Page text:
Art HistoryBut when I opened the box, I was very surprised to see that it wasn’t a translation of one of my books. It was an absolutely beautiful 1240-page hardcover book about art by Marilyn Stokstad and Michael W. Cothern titled simply, Art History (Fifth Edition). A quick look on Amazon.com showed me that the book would cost nearly $200 to buy. That wasn’t difficult to believe. The book was beautiful.

I’ll be the first to admit that I have only a passing interest in art history. But paging through this book while trying to figure out why it had been sent to me, I realized that I was holding the definitive guide to the history of art — a book that covered art history as far back as prehistoric times. It was chock full of gorgeous full-color photos. Everything the average person could want to know about the history of art worldwide was in this amazing textbook.

But why the heck had it been sent to me?

I didn’t know the authors and I didn’t write textbooks. I had never voiced an interest in art history to anyone I knew. There was no note with the book. Nothing at all to explain why I’d gotten it. I wound up assuming that someone at Peachpit had sent it to me as a gift — I’d been getting quite a few little gifts from friends who sympathized with my divorce ordeal.

I packed the book carefully in one of the last boxes I sealed up. It would look nice on the coffee table in my next home. And maybe — just maybe — I’d have time to read some of it when I settled down again.

A Partial Solution

This morning, I got two email messages, each referring to permission to use one of my photos.

One message was from a woman named Evi, who I vaguely remembered from the past. In this new message, she told me she needed to “re-clear the rights to use the below picture” for a new edition of Stokstad’s Art, A Brief History. I scrolled down and saw one of my photos of the Grand Canyon.

Lookout Studio
I shot this image of Lookout Studio after dawn one day in October 2008, most likely while I was on one of Flying M Air’s Southwest Circle Helicopter Adventures (which I stopped offering when I permanently moved out of Arizona).

It was very important, Evi told me, that my rights be extended to Pearson, the US publisher. The other message was from Pearson and included a permission form. (Pearson has forms for everything.)

Art Brief HistoryI looked up the book on Amazon.com and found a 640-page paperback book titled Art: A Brief History (5th Edition). Although I’d never seen the book before, it did get the wheels turning in my head. I did another Amazon search on the author’s name and found the book discussed at the beginning of this blog post — the book I’d received out of the blue at least nine months ago.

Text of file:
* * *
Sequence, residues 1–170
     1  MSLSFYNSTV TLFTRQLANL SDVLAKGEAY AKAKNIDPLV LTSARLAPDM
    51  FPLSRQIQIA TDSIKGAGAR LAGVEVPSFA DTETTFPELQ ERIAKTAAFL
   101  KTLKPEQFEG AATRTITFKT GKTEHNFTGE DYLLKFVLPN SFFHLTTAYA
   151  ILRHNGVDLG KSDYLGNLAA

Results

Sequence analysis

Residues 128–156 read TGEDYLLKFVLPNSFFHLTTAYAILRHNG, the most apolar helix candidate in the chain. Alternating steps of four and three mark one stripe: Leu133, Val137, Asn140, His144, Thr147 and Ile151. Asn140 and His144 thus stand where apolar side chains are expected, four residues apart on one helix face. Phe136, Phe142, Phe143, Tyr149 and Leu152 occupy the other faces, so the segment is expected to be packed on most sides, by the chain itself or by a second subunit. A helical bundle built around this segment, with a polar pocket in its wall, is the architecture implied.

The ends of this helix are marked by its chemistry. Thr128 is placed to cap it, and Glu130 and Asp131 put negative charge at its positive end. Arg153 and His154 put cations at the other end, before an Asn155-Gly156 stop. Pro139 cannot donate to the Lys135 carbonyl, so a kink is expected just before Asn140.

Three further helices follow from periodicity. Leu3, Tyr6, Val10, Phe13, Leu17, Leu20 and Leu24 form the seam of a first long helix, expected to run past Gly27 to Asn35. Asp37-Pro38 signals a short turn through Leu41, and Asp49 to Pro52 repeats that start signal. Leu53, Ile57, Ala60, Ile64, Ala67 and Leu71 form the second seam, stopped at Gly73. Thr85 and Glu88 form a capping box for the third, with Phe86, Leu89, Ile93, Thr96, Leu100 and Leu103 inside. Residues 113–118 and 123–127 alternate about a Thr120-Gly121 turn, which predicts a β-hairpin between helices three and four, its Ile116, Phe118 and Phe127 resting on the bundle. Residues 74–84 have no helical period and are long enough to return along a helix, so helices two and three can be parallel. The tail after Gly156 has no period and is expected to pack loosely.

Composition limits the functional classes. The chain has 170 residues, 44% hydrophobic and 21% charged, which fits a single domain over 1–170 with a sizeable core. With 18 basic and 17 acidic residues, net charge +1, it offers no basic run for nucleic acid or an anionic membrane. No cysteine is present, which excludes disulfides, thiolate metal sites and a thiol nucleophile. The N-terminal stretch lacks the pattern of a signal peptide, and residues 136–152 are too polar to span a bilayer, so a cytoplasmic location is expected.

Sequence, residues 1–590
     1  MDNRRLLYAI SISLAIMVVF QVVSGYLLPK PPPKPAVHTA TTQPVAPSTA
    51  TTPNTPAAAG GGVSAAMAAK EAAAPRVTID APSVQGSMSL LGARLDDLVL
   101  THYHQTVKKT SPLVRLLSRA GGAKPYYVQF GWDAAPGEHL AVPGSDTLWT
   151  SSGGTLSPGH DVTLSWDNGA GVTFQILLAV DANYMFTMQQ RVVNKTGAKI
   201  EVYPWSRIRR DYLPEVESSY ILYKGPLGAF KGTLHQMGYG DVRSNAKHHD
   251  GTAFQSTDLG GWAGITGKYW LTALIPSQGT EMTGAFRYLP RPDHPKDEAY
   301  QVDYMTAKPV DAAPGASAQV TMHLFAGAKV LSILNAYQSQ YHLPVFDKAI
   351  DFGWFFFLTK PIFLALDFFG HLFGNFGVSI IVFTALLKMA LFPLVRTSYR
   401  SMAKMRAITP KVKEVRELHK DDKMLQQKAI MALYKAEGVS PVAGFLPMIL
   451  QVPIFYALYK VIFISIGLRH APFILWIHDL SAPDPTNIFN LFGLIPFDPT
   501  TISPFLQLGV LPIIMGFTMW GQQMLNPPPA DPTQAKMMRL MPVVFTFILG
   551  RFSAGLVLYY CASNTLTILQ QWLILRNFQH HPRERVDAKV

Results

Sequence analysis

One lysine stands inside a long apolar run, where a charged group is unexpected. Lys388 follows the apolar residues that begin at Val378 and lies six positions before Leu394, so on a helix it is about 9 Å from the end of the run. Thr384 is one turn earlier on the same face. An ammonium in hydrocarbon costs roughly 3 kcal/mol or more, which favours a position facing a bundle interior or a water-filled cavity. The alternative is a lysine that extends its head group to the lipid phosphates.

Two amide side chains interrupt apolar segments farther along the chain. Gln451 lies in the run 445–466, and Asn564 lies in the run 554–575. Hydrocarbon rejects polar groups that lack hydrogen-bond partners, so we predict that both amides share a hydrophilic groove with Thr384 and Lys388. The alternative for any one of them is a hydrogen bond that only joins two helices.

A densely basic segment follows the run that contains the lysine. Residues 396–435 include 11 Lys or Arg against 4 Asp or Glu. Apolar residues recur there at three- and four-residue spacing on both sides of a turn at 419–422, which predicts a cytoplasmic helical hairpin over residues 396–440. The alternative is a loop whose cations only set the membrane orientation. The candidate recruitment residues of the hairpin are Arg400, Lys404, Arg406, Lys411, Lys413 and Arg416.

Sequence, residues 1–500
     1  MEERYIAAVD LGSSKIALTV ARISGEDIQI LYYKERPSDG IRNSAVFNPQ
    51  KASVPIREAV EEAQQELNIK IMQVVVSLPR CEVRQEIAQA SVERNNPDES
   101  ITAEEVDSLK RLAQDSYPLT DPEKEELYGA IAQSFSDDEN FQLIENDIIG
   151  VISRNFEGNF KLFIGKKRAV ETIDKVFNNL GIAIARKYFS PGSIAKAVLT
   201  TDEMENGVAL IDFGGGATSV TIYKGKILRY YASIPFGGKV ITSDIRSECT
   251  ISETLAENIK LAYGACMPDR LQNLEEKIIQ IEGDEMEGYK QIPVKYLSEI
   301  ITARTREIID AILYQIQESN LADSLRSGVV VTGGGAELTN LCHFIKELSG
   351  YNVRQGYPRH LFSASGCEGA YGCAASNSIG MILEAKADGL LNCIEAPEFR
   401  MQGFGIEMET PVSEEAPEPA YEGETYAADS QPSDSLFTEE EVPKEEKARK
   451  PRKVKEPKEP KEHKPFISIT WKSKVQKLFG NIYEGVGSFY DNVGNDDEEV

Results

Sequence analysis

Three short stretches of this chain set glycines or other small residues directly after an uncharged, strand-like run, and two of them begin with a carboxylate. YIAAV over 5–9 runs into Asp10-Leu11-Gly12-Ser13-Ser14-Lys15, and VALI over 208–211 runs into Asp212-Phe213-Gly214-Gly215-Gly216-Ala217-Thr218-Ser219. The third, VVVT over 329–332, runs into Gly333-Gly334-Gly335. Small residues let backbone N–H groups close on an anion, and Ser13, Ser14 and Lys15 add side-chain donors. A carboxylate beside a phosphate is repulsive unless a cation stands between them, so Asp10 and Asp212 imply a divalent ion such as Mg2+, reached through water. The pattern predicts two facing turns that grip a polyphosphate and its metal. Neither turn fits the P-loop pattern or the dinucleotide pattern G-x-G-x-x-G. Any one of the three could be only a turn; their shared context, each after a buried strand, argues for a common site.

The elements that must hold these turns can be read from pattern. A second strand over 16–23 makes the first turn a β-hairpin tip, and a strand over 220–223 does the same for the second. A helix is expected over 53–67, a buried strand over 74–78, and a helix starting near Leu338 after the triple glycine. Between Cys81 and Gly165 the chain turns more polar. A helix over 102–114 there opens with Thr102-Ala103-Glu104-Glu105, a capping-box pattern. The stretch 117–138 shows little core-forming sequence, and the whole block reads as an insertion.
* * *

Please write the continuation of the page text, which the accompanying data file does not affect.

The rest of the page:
And then I remembered a bit more about my email exchange with Evi. It had been about two years ago. Her company had bought — actually paid — for the rights to use the photo. Somewhere along the line, I must have also requested a copy of the book. Months later, I got the check from the UK-based company drawn on a US bank, cashed it, and promptly forgot all about it.

Is it possible that they used my photo in such a big, beautiful book? Or did they use it in the shorter paperback she mentioned in her email message?

But the dates didn’t jive. The paperback book was published in December 2011. Surely it hadn’t been that long since all this transpired.

And if it was in that 640-page paperback book, then why had they sent me the 1240-page hardcover book?

Without asking for details — which I really don’t think is worth the bother; after all, this poor woman has thousands of pictures to get permissions for — the only way to know is to look through the book they sent me to see if my photo is in there. Of course, that box is still packed and still in storage. I likely won’t unpack it until later this summer, at the very earliest.

Permission Granted

I’ll definitely be giving them permission to use my photo again. And I won’t charge them a fee this time. I’m hoping that the photo did appear in the bigger book and that I get a copy of the smaller book once it’s revised.

Needless to say, I’m tickled that my work appeared in such wonderful volumes. Photography is just a hobby for me; to have my work recognized and used — with permission — in such a way really makes me happy.

The Rise (and Fall?) of Drones for Aerial Photography

I’m watching the developments closely for a few reasons.

I care about unmanned aerial vehicle or drone use, no matter what size it is. But I really care about drones flown by amateurs for photography.

The Death of a Revenue Stream

I first felt the sting of drone use for aerial photography when one of my best aerial photography clients began using a six-rotor, radio controlled quadrocopter to create some of their excellent 360° interactive panoramic images. Their setup even made international news when it photographed a protest in Moscow in 2012.

Bryce Canyon Pano
Our trip to Bryce Canyon was especially memorable because it was so freaking cold.